Conway helped ensure ECSU's turnaround continues
Sunday, January 28, 2018
When Chancellor Thomas Conway announced out of the blue recently that he plans to retire at the end of May after only two years at the helm of Elizabeth City State University, we, like probably many others, immediately assumed the worst.
And why wouldn’t we? Despite the improving trends under Conway’s leadership, the chancellor’s office at ECSU unfortunately has become a revolving door in recent years. The historically black university has only had 12 chief executives in its long 127-year history, but four of them have held the office in the past five years, and three of the last six have left the campus not of their own volition but at the behest of the University of North Carolina System president.
Plus, the campus has weathered a number of highly publicized crises in recent years: a more-than-50-percent drop in enrollment — from a high of 3,100 in 2010 to 1,357 in fall 2016; the loss of millions of dollars in state funding that forced the layoffs of more than 100 employees; a year-long placement on “warning status” by its accrediting agency for failing to follow standard practices in personnel hiring, student admissions and use of federal research funds.
While many of these problems predated Conway’s arrival at ECSU, he was the person tapped by then UNC President Tom Ross to fix them — or ensure they stayed fixed — following the sudden forced exit of Chancellor Stacey Franklin Jones in December 2015. It was a daunting challenge for even someone like Conway, who, at the time, had already spent more than 40 years working for the UNC system.
Turns out, though, that our fears of yet another chancellor departing under questionable circumstances, leaving ECSU to pick up the pieces and start over again, were completely unwarranted.
Conway is leaving ECSU for the same reason most folks his age leave their careers: because he’s worked hard a long time and is ready to enjoy retirement. Conway is also leaving now because he feels the job he was hired to do at ECSU — stabilize its enrollment, restore its credibility with appropriators and accreditors, and set it on a path for future growth — is largely completed. In fact, the pace of improvement at ECSU has been so significant that Conway believes the time for him to go couldn’t be better. In an interview last week, he explained his decision this way: "One of the things that everyone who takes the job of chancellor wants to do is leave while the institution is in good shape and be able to turn it over in good shape to their successor. I believe the institution is in a good place to launch for a really long, good run of growth.”
A lot of the credit for ECSU being in “good shape” and in such a “good place to launch” for future success is directly attributable to Conway’s efforts. In the short span of two years, ECSU not only has reversed a seven-year enrollment slide, it’s looking to significantly boost enrollment this fall, thanks largely to the start of the new NC Promise tuition-discount program, to as many as 1,700 students. The university also has resolved the problems that concerned the Southern Association of Colleges and Schools Commission on Colleges, resulting in ECSU’s removal from SACS’ warning list. UNC President Margaret Spellings has praised Conway’s leadership on both developments.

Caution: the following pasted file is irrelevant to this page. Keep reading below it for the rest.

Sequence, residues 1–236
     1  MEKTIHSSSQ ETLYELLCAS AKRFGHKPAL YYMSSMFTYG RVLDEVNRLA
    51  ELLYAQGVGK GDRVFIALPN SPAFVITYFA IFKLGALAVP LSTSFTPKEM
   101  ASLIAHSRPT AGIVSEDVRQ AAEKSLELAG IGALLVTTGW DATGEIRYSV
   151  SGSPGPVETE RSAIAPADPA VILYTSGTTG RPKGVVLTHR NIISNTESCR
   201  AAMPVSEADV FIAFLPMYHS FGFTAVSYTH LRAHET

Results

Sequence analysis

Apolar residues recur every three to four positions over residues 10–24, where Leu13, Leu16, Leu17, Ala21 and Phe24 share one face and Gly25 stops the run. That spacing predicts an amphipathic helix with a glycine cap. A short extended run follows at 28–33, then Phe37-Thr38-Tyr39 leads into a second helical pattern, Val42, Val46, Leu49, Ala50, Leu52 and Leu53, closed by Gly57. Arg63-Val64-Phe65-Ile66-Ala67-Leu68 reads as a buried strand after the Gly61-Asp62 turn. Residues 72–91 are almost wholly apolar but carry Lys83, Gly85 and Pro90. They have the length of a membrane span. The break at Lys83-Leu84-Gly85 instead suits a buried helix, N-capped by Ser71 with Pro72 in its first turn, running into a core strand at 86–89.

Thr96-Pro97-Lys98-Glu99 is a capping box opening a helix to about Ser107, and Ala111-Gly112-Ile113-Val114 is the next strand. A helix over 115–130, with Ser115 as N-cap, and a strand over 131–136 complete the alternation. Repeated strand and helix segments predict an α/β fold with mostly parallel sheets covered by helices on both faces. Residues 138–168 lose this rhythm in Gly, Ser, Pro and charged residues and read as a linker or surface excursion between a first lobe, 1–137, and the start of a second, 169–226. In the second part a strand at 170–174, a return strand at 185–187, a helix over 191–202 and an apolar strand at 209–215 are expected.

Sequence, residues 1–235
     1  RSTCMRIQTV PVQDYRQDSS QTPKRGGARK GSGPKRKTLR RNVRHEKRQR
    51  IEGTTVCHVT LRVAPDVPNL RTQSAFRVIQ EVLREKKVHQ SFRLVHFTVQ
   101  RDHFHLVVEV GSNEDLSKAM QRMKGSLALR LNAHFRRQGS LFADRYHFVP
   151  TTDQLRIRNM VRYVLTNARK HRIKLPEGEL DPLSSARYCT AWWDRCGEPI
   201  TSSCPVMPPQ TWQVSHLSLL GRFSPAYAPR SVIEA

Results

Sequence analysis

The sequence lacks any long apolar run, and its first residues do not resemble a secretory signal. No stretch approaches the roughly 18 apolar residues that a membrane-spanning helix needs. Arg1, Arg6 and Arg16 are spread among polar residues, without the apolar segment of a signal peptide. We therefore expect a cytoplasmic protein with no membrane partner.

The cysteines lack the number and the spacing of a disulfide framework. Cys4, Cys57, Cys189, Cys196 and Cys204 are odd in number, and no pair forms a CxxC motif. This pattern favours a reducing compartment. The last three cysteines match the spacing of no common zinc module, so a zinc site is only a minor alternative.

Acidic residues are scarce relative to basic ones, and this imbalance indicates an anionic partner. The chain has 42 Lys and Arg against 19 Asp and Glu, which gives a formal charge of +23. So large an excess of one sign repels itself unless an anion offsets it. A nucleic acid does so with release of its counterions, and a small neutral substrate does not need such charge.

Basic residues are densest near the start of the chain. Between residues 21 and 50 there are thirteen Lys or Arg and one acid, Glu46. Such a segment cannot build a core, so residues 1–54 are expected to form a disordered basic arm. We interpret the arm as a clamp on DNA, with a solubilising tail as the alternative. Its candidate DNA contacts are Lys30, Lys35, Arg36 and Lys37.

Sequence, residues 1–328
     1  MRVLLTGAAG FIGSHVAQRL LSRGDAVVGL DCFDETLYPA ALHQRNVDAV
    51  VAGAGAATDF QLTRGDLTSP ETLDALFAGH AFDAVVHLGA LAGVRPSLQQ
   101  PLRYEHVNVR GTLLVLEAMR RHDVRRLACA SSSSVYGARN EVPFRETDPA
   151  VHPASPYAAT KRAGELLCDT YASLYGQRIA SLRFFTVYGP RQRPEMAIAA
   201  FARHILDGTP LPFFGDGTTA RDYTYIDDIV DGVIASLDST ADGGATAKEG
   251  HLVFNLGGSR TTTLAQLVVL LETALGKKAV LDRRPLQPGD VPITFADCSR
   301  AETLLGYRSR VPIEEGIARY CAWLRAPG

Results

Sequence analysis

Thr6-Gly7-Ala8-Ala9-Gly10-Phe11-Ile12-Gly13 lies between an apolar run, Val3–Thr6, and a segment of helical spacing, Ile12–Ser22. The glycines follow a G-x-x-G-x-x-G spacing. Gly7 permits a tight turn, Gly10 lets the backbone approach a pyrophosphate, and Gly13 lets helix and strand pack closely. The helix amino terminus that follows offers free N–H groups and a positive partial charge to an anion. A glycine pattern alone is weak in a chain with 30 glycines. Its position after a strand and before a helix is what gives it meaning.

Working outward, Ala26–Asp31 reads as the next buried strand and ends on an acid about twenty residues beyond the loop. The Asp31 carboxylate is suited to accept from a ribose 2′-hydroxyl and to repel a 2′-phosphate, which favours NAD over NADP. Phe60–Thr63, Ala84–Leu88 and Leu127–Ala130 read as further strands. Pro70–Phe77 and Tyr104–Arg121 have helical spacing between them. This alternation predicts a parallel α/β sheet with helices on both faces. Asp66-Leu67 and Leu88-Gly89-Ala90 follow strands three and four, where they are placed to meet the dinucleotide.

One other key development during Conway’s tenure has been the growth of a closer relationship between ECSU and UNC General Administration. This relationship arguably would have gotten closer anyway given the university’s former enrollment woes and the circumstances of Jones’ departure. But Conway’s ties to the UNC system certainly made ECSU’s acceptance of UNC’s greater role on the campus easier. By Conway’s own admission, “outside involvement was not always welcome” at ECSU. The fact this involvement is now normalized — a group of ECSU trustees and members of the UNC Board of Governors is actively planning how ECSU can best benefit from NC Promise this fall — has already benefited ECSU by providing it with additional expertise and resources. It will only be to ECSU’s benefit if this close relationship continues.
To her credit, Spellings has already telegraphed that it will. She’s announced that Dr. Karrie Dixon, vice president for academic and student affairs for the UNC System and co-leader of the group preparing ECSU for NC Promise, will take over as interim chancellor at ECSU after Conway retires. Dixon said in an interview last week she’s looking to build on the momentum Conway’s started. She also said she’s advised UNC and ECSU leaders she’s interested in the permanent chancellor’s job, telling them that, when it comes to pursuing excellence at ECSU, she’s “all in 100 percent.”
We’d urge the ECSU community — trustees, staff, students and alumni — to get behind Dixon and give her a chance to continue what Conway’s started. Someone with a UNC System background as chancellor could only be a good thing. After all, look what ECSU got with Conway.